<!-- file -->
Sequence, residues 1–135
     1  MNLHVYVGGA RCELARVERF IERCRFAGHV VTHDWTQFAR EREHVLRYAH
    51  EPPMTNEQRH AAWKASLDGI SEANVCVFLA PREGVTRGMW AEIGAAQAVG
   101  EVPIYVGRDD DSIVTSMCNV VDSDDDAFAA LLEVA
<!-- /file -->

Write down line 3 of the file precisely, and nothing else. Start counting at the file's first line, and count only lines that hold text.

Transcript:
    51  EPPMTNEQRH AAWKASLDGI SEANVCVFLA PREGVTRGMW AEIGAAQAVG